Sunday, August 20, 2017

It's Not A Bird Or A Plane And You Shouldn't Be Looking At It Regardless!

In case you haven't heard, there's an eclipse today! But of course you’ve heard—how could you miss it in this day of the 24/7 news cycle? Every channel and every social media feed has been counting down to it breathlessly. Our clockwork universe has its cycles and seasons, and those who watch the skies have known this was coming (just like the know when the next one will be, and the next).

The science of it is very simple. A total solar eclipse occurs when the moon appears to completely cover the sun. Of course the sun is larger than the moon, but because the moon is much closer to Earth—around 239,000 miles as opposed to the sun’s 93,000,000 miles—it is just the right distance away to line up every eighteen months or so in a way that blocks the sun’s face, either completely or partially, and we are suddenly standing in its shadow.

The upcoming eclipse is getting an especially large media presence because here in the US, it is making itself know from coast to coast. The “path of totality” includes a 70-mile-wide swath of territory cutting across the United States from Oregon to South Carolina. An early twilight will descend. Temperatures will fall. Streaks of light called a corona will appear around the sun. People just outside of the totality zone will experience a partial eclipse, which should still be an awesome sight.

If you’re interested in checking out how close you’ll be to the path of totality, NASA has provided a handy map at its website: 

The site also includes viewing information—like the fact that you should never look at a solar eclipse with the naked eye, not even for a second—and other interesting scientific and historical facts about the event.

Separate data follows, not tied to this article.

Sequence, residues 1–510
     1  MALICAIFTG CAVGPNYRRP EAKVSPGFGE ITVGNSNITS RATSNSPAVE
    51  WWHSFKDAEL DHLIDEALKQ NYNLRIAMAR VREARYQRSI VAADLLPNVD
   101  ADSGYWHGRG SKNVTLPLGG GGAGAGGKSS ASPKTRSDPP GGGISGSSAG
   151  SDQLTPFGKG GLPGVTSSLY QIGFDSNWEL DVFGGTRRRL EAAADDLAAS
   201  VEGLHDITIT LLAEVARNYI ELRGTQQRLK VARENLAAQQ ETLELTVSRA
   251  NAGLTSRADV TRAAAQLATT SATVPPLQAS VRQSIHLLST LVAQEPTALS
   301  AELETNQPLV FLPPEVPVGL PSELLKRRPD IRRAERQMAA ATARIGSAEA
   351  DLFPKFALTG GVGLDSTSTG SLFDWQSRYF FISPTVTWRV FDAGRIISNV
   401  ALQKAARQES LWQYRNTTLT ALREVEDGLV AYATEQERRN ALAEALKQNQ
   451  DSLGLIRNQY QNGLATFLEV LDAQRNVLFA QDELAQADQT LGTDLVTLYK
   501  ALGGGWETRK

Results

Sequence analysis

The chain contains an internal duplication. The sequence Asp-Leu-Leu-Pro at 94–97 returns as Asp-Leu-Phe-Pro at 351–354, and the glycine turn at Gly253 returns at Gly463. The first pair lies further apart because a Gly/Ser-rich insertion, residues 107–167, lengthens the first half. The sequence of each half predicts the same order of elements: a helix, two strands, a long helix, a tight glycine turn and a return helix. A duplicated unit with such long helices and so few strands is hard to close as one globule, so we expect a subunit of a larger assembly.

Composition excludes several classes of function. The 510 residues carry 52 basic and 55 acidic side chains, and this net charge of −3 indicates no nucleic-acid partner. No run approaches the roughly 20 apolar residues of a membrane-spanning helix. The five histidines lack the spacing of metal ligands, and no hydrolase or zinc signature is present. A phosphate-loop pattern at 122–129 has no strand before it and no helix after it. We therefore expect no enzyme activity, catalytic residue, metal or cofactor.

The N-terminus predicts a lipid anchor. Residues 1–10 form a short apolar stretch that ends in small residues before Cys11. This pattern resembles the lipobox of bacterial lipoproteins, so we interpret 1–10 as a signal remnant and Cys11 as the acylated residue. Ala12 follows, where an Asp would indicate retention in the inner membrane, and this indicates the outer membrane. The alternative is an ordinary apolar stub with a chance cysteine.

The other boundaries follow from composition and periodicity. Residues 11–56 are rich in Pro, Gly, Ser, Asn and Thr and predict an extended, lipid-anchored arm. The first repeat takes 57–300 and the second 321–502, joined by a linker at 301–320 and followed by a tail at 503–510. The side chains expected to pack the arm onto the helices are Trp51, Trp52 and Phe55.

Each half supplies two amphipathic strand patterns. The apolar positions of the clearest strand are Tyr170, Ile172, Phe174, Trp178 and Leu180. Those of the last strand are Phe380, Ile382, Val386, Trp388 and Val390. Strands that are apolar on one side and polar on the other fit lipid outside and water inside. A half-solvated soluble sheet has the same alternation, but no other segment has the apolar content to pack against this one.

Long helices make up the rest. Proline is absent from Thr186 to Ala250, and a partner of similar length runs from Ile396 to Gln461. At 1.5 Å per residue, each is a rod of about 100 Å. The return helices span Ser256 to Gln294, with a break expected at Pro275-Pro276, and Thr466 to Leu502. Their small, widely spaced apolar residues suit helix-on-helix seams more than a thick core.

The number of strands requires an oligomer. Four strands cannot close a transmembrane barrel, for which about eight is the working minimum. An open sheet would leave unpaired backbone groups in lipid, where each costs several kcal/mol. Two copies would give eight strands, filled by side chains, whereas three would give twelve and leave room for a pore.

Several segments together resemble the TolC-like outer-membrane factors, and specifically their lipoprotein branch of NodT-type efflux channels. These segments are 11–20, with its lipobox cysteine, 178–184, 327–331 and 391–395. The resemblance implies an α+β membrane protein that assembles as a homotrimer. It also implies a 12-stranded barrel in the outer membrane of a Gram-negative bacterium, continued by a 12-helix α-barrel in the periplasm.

Some other sites to help you out during this, the day of the Great American Eclipse:

Another prediction pretty much guaranteed to come true? There will be lots of traffic. Get the scoop of the state of your route with Google’s handy traffic density predictor covering the entire path of totality. 

Can’t get outside to see it? NASA has you covered. They’ll be live streaming it from twelve locations, including some cameras on planes and hot air balloons, so you’re guaranteed to get a front row seat. 

Not sure what the event will look like in your neck of the woods? TIME magazine has created a simulator that allows you to punch in your zip code and glimpse what the event will look like second by second from where you’re standing. 

Forgot to get eclipse-viewing glasses? Don’t care to look directly at a flaming ball of gas that could blind you? NASA also explains how to make a simple viewing device that creates a pretty cool effect all on its own. 

And if you still manage to miss it somehow, take heart—there will be another one coming soon. Here’s a list: 

Regardless of how the eclipse fits into your day, do take some time to appreciate the science and storytelling happening around this astrological event. Fingers crossed I’ll be seeing some of you in the shadow of the moon.

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